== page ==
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Studies show creativity and new experiences are breathing life into Aged Care Centres.

The power of the new – glamour, art and theatre breathing life into centres.

Two drag queens walked into an Aged Care home…
Sounds like the beginning of an early-eighties not-very-socially -astute joke, doesn’t it?

Well it’s no joke. It is, in fact, the beginning of a true and much more tender story. And in this story they didn’t just walk in, the drag queens moved in as permanent residents, and have been bringing verve to their fellow residents.

Tacky and Paris – two of the youngest and most glamourous residents at Abel Tasman Village, western Sydney – are there for a good time, not a long time! The self-made socialites, Motel Sisters in Care are a part of an artist in residence program created by non-profit organisation, Information and Culture Exchange. The 4-week program saw the pair take up residency over July and August this year.

Tacky and Paris’ residency at Abel Tasman Village was designed to give the permanent residents a break from the norm, uplifting spirits and injecting some razzle-dazzle into their lives.

Tacky says, “It’s about taking the extraordinary and putting it in to our everyday.”

And it worked, according to resident Colin Fenwick, the girls have injected a “breath of life” into the centre.

Though professional entertainers themselves, the project was not just about ‘entertaining’. The girls conducted makeovers, Zumba classes, aromatherapy, nail sessions and lots of cups of tea with their new friends. Sensitive to the residents’ perceptions the pair approached the project with caution, but within a couple of days Tacky and Paris were welcomed with open, now perfectly manicured, arms into their new home.

Clinical Manager, Sophia Markwell, says the creative project has been a success, resident geriatrician reporting a reduction in medication changes since the glamourous queens have been there.

Whether or not this has been a coincidence is hard to tell in such a short time, although past studies have shown new and meaningful activity can improve the quality of life for people living with dementia.

A 2008 study by Harmer and Orell explored ‘What is meaningful activity for people with dementia living in care homes?’ The comparative study saw 17 residents, 15 staff and eight family carers from three care homes look at the concept of meaningful activities for people living with dementia. A general finding from the study was that, “engaging in meaningful activities can largely contribute to the quality of life of people with dementia, at both an individual and social level.” (Harmer & Orell, 2008.)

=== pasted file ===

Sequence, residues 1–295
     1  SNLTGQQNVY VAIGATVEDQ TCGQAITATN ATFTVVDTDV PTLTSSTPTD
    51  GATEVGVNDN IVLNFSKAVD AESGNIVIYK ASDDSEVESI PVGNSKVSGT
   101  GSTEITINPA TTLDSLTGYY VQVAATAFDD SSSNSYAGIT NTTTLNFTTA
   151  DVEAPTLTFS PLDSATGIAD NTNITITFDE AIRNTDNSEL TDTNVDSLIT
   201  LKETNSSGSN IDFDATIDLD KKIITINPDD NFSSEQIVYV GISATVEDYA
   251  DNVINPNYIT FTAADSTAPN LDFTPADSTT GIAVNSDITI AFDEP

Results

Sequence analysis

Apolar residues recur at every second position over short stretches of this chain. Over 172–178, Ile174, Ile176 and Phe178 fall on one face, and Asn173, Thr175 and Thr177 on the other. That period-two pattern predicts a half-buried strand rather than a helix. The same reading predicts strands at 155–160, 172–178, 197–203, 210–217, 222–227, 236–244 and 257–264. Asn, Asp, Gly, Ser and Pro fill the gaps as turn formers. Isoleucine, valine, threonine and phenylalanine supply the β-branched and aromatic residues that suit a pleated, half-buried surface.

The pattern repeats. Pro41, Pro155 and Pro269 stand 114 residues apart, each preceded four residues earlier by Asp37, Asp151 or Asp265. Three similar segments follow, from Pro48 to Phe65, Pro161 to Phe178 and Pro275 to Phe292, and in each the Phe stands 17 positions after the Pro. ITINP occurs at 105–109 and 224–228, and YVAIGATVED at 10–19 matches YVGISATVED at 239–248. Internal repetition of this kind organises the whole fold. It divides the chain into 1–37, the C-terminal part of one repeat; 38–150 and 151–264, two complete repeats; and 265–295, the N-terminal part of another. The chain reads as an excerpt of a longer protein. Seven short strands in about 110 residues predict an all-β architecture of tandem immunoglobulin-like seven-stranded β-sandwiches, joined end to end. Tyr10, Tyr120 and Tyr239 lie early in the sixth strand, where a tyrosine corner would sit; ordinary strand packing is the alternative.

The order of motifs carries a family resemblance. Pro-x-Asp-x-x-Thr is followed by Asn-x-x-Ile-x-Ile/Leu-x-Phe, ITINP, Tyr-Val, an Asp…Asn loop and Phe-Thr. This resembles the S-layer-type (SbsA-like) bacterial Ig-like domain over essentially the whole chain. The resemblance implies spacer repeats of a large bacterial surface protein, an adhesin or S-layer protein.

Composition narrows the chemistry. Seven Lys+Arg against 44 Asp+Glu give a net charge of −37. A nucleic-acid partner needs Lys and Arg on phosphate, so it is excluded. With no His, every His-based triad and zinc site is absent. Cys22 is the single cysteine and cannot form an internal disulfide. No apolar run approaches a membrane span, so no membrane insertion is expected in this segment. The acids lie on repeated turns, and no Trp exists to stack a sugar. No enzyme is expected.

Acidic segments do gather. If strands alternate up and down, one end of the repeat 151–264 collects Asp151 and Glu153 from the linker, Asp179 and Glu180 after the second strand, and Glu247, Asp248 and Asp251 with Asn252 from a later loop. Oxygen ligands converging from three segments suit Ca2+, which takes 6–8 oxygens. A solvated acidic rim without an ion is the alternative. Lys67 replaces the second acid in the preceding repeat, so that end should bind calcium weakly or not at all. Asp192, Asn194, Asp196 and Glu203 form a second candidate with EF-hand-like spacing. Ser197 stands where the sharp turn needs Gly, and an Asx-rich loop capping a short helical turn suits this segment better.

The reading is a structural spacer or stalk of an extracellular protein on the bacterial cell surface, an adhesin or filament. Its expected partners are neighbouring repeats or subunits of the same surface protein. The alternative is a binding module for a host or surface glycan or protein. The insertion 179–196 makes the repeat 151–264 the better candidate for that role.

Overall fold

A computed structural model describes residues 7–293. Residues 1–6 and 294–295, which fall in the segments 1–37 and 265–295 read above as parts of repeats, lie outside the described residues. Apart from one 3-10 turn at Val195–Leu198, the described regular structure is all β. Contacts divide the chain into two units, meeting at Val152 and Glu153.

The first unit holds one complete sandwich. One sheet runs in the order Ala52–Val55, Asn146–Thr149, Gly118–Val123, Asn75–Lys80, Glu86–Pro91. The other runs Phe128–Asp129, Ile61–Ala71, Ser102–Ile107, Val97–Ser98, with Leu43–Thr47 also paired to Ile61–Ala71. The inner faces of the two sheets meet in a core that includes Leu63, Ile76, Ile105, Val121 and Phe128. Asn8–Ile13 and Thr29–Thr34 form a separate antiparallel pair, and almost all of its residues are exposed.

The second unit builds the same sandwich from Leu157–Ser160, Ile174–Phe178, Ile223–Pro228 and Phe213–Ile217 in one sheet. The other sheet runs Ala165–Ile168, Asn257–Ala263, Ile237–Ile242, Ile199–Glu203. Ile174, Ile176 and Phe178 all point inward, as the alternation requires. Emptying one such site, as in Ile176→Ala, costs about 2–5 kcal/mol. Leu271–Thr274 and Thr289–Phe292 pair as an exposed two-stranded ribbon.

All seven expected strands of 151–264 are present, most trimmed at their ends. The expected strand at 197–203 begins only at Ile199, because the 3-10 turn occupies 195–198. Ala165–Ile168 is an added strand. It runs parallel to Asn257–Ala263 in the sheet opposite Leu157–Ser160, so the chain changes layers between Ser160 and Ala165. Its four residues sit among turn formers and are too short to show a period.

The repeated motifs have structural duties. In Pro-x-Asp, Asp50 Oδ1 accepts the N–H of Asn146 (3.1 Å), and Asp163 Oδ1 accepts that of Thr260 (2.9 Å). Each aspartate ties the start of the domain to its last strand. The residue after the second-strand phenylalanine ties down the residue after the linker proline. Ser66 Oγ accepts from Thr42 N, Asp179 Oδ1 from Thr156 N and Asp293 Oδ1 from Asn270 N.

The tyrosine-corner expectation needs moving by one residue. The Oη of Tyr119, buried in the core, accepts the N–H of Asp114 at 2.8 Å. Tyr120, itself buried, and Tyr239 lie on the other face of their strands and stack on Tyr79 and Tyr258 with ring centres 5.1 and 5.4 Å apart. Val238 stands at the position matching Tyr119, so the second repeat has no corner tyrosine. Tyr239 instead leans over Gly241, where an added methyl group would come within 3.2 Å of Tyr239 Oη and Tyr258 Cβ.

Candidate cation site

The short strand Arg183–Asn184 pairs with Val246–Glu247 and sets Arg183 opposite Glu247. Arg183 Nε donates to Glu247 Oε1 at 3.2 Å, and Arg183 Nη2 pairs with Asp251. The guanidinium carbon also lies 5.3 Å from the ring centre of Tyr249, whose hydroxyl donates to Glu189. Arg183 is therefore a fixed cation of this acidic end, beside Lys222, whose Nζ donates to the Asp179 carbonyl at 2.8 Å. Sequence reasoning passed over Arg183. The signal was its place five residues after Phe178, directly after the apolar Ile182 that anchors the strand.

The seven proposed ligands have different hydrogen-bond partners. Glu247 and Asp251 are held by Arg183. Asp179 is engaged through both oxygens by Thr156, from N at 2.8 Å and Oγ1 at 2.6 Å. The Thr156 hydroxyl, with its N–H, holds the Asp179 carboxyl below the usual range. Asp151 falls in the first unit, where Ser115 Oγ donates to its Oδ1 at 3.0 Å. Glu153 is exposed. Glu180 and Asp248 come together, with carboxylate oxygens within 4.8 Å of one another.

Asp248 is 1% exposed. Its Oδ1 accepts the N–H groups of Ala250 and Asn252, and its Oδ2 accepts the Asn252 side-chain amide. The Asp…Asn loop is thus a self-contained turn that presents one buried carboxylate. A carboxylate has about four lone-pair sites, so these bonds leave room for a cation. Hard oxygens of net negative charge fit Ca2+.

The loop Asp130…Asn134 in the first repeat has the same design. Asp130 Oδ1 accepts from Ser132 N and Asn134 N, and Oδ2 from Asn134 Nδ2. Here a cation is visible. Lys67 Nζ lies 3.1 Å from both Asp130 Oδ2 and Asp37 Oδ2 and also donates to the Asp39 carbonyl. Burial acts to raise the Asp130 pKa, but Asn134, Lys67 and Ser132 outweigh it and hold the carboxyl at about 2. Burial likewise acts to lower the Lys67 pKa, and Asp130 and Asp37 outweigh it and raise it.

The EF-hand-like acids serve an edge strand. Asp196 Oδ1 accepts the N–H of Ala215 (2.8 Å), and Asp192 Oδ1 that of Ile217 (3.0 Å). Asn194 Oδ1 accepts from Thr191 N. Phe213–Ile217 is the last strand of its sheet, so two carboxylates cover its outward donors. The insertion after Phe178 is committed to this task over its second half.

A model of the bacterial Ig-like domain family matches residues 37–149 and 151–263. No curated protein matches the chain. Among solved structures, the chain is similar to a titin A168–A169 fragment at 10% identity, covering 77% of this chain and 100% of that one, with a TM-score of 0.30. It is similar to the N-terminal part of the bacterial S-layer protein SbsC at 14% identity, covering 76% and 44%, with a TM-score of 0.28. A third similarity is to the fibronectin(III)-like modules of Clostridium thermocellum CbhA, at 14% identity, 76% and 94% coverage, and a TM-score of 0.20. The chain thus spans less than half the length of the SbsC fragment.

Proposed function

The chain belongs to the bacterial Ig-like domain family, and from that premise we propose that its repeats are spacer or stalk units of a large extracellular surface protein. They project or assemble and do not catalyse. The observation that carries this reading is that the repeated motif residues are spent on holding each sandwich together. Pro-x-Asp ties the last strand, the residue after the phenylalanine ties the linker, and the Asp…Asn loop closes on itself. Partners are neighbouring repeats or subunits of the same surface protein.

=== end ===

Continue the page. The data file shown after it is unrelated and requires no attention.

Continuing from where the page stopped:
And what is considered meaningful for older adults?

Without a doubt, creativity is meaningful to any age group. Interactive care, and an injection of “new”, such as the engagement with Tacky and Paris, for certain provides greater quality of care and brings new meaning for the residents. And science supports the value and meaningfulness of new experiences.

Neuroscience studies dictate, “when the ageing brain is challenged by activities and new experiences, it is able to form new connections by forming new synapses.” These particular findings refer to the plasticity mechanism as described in a 2004 study by Kramer, Bherer, Colcombe, Dong &Greenough.

Notable American Psychiatrist, Dr Gene Cohen, explored this very notion in 2005. Cohen, who said, “the nature of creativity has the potential to sustain and provide new challenging experience,” conducted a massive study, involving 300 participants.

Cohen’s yearlong study looked at the benefits of new challenges and creative programs for older adults. It involved an array of cultural activities for one of the groups, and a regular program for the other.
At the end of one year the group involved in the new challenges were reported to have improved health in many areas – both physical and mental. Cohen reporting the participants “gained a sense of mastery, experiencing social engagement, and the enjoyable, engaging nature of art.”

Back home a similar concept is being practiced in Tasmania in the form of an interactive circus. The Carnival of Here & Now is an arts initiative produced through Agency Arts Health in Launceston as collaboration between aged care facility residents, artists, musicians and TasTafe students.

An “immersive performance” – imagine theatre, sans theme or structure, performances that rely on free play and improvisation, the carny group describe what they do as “whimsical intimate exchanges working alongside curious solo antics”, an alternative to structured entertainment in aged care.

The touring variety show which began as an arts experiment features circus acts, ukulele recitals, dancing, a body painter and a band. In a short film created by Creature Tales when the program first started, the carnival was referred to as “an intimate exchange of high art and high care.”

In a similar vain to Tacky and Paris, creativity and intimacy play equally important roles in the Carnival of Here & Now, which involves a lot of touch alongside visual performance, bringing residents into the creative fold. Evident in Creature Tales’ short, the traveling carnival brings a very definite breath of life into the centres it visits.

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